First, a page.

California Supreme Court Strikes Bans on Same-Sex Marriage
Friday, May 16, 2008
The California Supreme Court ruled yesterday that gays have a constitutional right to marry, striking down state laws that forbade it, in a decision that is likely to reenergize the election-year debate over same-sex marriages and gay rights.
The 4 to 3 ruling opened the way for the nation's most populous state to join Massachusetts in allowing partners of the same sex to marry. The court's order becomes final in 30 days, and it told county clerks and registrars to prepare.
Marriage is a "basic civil right" guaranteed to all Californians, "whether gay or heterosexual, and to same-sex couples as well as to opposite-sex couples," Chief Justice Ronald M. George wrote in a 121-page ruling. He repeatedly said the ruling was based on the California court's first-in-the-nation decision in 1948 to end the state's prohibition on interracial marriage, nearly 20 years before the U.S. Supreme Court took the same action.
The decision sparked a joyous celebration outside the court in San Francisco, but the victory for gay rights groups could be short-lived. Before the ruling, a conservative coalition submitted more than 1 million signatures to place a constitutional amendment banning same-sex marriage on the November ballot.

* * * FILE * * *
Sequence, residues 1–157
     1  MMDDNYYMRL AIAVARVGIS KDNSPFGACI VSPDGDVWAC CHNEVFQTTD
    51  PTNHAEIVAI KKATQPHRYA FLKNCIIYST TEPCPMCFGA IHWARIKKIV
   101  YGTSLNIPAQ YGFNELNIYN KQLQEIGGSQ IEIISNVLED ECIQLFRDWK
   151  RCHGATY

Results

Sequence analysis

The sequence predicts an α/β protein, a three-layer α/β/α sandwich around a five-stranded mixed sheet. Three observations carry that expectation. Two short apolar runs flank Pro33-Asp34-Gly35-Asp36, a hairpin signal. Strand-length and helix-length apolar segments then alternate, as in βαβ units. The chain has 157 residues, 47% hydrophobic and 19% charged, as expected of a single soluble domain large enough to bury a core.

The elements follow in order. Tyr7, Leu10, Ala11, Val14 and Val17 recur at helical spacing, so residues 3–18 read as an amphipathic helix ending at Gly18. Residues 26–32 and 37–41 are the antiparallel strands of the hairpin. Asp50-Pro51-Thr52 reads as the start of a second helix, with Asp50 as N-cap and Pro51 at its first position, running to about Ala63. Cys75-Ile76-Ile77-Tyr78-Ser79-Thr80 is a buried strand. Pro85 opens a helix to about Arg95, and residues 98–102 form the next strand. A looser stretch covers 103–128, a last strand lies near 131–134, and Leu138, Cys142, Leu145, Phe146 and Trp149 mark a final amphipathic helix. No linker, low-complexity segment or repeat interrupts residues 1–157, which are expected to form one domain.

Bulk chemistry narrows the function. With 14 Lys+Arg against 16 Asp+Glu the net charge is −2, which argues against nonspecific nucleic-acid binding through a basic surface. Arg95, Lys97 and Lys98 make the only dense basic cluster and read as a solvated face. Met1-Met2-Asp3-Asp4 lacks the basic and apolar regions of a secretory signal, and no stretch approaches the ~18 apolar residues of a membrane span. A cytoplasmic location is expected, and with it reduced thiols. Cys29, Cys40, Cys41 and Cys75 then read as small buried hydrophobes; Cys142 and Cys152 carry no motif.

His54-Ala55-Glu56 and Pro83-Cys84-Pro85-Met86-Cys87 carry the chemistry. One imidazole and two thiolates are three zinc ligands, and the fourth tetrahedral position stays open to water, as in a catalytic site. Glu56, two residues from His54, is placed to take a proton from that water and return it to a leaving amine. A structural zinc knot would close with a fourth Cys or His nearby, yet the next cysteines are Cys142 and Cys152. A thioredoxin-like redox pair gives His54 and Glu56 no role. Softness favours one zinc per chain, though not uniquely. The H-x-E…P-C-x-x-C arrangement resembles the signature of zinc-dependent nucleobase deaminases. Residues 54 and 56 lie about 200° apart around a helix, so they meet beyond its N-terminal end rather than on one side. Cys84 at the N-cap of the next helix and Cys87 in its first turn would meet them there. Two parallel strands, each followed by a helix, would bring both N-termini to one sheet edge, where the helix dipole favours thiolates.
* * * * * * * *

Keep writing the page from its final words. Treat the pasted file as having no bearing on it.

"These out-of-touch judges will not have the last word on marriage," said Brian Brown, executive director of the National Organization for Marriage California.
If the proposed amendment makes the ballot, the issue is sure to resonate in the fall, not only in California but also on the presidential campaign trail.
Democratic Sens. Barack Obama (Ill.) and Hillary Rodham Clinton (N.Y.) issued careful and nearly identical statements saying they support civil unions to protect the rights of same-sex couples. Both avoided taking a position on same-sex marriage, saying states should make such decisions.
Sen. John McCain's campaign said the Arizona Republican "supports the right of the people of California to recognize marriage as a unique institution sanctioning the union between a man and a woman."
McCain, who last week decried judicial activism, "doesn't believe judges should be making these decisions," a spokesman added.
A different reaction came from California's Republican governor, Arnold Schwarzenegger, who has twice vetoed legislation that would have allowed same-sex marriages.
"I respect the Court's decision and as Governor, I will uphold its ruling," he said in a statement. ". . . I will not support an amendment to the constitution that would overturn this state Supreme Court ruling."
The landmark decision grew out of San Francisco Mayor Gavin Newsom's directive to local clerks four years ago to provide marriage licenses to same-sex couples, saying it was unconstitutional not to. Starting on Feb. 12, 2004, thousands descended on San Francisco's City Hall to obtain those licenses and exchange marriage vows.